Taiwan Day 13 – Shan Lin Xi

The forest recreation areas of Shan Lin Xi and Xi Tou are very close to each other, and we picked Shan Lin Xi (that somehow becomes “Sun Link Sea” on some the signs, an obvious malapropism that I simply refuse to use;) to be first destination – it is the higher one of the two as well, and the winding road that leads up there has 12 switchbacks that are named after the Chinese zodiac signs – rabbit, snake, dragon, and so on. The rat became mouse, because it’s cuter apparently. πŸ™‚

All the recreation areas in these higher areas are quite popular because of the cooler temperatures, and the entrance fees are rather low. That means busloads of people of course – and buses on the winding road up there. Thanks to some l33t German driving skillz πŸ˜‰ we managed to pass them… only to run into yet more buses at the big parking lot behind the entrance – one unloading a large group of nuns, all dressed in grey and wearing straw hats! What a sight.

After some brief orientation (a simple trail map is included in the entrance fee, and they also had an English version) we began our hike, which was more like a long walk – the trails are so very well maintained in the area, with wooden or granite steps (see photos below), it is very easy to walk, except for the elevation change (which just means many many stairs). With vegetation like this, it would probably be impossible to maintain a trail system that is less fortified – it would overgrow in one single year, perhaps.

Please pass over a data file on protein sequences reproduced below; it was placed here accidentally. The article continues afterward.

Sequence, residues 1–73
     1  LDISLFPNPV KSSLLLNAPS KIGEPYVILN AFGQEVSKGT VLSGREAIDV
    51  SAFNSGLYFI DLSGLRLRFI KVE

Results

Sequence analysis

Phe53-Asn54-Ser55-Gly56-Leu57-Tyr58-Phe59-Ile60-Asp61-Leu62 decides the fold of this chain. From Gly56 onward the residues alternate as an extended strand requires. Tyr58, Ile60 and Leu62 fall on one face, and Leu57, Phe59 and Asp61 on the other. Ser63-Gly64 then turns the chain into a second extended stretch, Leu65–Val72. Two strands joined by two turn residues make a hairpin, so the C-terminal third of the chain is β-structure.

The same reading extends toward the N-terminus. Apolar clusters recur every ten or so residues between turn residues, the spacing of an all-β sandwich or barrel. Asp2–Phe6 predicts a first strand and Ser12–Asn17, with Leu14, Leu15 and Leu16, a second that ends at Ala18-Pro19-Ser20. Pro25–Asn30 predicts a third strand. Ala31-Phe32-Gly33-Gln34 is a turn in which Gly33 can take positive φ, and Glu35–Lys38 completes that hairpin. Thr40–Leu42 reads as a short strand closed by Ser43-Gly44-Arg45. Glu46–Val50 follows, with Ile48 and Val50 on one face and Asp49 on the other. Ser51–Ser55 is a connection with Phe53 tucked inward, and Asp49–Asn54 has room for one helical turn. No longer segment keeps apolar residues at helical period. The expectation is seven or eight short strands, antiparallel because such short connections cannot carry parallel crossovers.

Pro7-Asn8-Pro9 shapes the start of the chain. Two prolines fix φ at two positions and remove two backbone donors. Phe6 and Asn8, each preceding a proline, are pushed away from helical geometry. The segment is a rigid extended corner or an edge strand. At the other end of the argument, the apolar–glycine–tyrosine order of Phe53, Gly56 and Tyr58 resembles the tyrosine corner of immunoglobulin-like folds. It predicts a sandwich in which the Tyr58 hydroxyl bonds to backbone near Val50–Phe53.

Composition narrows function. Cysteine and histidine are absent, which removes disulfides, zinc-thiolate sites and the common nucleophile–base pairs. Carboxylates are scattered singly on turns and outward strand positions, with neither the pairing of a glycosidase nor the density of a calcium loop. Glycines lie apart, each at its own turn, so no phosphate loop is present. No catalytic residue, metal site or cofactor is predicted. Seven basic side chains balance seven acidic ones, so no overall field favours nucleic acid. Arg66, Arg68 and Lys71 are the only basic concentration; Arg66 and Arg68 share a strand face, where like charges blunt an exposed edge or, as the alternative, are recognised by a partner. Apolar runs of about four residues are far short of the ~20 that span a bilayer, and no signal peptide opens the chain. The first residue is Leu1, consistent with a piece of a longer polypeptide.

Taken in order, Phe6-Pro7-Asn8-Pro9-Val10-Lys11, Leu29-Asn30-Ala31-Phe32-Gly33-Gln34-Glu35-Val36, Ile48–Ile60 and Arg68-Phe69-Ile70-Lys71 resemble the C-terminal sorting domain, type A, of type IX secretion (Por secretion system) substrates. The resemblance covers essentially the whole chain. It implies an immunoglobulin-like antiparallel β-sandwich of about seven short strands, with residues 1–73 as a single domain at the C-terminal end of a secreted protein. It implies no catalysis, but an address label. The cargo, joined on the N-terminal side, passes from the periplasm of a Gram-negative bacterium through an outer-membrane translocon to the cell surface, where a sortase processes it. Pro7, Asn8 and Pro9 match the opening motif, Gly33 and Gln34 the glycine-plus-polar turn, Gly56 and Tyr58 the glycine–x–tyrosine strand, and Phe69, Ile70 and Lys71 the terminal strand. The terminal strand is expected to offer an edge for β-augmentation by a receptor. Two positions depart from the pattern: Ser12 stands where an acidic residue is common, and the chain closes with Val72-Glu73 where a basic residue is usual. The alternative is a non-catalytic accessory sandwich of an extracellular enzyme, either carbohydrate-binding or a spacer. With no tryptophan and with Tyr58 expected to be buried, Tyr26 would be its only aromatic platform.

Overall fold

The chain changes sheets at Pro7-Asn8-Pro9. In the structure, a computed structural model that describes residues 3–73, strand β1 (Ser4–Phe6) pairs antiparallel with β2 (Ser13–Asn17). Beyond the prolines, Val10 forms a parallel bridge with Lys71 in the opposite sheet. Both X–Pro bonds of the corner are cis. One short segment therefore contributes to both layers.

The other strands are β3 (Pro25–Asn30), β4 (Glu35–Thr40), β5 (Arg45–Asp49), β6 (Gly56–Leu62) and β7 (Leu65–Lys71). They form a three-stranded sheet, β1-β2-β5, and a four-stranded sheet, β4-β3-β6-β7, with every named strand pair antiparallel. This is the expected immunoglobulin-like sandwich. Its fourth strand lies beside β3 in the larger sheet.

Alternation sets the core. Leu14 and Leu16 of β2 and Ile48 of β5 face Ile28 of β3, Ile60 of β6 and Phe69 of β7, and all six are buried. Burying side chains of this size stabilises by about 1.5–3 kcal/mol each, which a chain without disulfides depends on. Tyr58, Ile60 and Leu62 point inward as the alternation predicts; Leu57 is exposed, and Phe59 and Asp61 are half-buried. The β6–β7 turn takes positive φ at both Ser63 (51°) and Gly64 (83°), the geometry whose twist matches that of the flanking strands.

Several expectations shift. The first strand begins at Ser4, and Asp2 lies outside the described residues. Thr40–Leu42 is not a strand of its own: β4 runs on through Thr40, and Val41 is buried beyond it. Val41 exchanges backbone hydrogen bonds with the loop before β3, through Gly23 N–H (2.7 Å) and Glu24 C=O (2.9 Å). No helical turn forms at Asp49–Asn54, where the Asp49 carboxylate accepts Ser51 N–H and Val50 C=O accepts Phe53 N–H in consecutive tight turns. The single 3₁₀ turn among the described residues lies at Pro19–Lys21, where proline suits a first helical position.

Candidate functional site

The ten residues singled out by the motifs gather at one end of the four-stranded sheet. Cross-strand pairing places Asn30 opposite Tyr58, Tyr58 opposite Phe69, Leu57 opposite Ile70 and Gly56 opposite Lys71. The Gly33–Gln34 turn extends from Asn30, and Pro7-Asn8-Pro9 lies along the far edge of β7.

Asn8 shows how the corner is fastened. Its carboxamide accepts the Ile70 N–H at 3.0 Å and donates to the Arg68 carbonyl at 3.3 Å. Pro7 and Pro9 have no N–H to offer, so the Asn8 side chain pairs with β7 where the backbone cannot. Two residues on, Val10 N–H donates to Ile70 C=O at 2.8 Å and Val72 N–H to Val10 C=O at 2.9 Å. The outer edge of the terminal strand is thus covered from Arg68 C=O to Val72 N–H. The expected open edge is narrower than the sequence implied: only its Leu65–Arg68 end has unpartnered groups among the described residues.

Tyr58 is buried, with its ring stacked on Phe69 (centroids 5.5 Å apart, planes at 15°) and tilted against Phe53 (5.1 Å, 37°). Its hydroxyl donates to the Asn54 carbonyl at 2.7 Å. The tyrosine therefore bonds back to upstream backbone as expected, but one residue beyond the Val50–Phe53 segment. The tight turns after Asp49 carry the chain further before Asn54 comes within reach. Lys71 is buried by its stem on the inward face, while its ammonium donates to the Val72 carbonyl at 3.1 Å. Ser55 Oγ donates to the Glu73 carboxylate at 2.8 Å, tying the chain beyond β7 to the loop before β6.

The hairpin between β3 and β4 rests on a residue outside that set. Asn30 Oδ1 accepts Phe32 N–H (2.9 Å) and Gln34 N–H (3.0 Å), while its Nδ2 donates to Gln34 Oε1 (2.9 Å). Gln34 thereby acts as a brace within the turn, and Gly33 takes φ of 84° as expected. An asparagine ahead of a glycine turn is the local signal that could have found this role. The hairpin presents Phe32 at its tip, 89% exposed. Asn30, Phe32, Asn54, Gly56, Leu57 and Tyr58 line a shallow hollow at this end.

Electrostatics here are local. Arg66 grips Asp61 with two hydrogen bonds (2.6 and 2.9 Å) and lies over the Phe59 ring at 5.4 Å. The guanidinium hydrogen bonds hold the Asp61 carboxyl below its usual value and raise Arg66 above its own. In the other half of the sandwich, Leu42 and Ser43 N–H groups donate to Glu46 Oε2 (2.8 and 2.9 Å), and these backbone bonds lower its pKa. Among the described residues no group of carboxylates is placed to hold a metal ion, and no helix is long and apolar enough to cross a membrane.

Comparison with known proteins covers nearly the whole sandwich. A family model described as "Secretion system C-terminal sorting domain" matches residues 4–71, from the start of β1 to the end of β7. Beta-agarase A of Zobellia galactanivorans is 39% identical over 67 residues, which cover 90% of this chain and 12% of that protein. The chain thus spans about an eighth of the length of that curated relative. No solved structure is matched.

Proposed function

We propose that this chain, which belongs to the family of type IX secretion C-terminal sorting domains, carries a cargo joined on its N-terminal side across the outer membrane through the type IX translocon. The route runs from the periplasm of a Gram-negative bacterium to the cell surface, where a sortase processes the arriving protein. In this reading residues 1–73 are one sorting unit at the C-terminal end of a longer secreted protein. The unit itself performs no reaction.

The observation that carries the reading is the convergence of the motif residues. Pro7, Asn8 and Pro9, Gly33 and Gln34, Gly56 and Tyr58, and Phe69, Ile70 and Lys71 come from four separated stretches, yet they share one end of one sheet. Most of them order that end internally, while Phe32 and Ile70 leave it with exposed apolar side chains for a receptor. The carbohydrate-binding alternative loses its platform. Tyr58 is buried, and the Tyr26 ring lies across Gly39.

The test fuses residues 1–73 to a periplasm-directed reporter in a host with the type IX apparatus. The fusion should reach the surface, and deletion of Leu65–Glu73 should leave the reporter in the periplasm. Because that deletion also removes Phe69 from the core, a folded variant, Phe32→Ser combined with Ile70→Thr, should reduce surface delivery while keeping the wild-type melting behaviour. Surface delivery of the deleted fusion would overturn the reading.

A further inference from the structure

Since the main attraction (Song Long Rock) lies at the end of the valley just below a waterfall, there’s also a paved road and it would be possible to take a bus there. We chose the hiking path of course, and thankfully, it leads far enough away from the paved road, and we didn’t hear or smell the buses going up and down (Taiwanese diesel buses are real stinkers).

It was a bright, cloudless and sunny day, which was a bit of a let down initially from a photography perspective, but the trail soon entered the dark, shady and lush forest so we just enjoyed our hike and the beautiful area. Halfway to Song Long Rock lies something like a greenhouse (hu?) which had a really large exhibition of beautiful peonies when we were there, and the place was teeming with people clicking their cameras. A small restaurant was there as well but since we weren’t hungry yet, we continued our hike.

Close to Song Long Rock the trail split, and since the area around the rock and waterfall was full of people, and quite loud, we first headed up, were it appeared to be much quieter, to “The eyes of heaven and earth”. That’s some kind of a rock feature that resembles (the hollow) eyes (of a skull), with a wooden visitor platform directly below. A bit, ahem, overrated I have to say, and quite busy with people as well, but the walk through the dense forest was nice, and we also spotted some wild orchids above us, growing out of cracks in the rock face. I had never seen orchids in the wild before.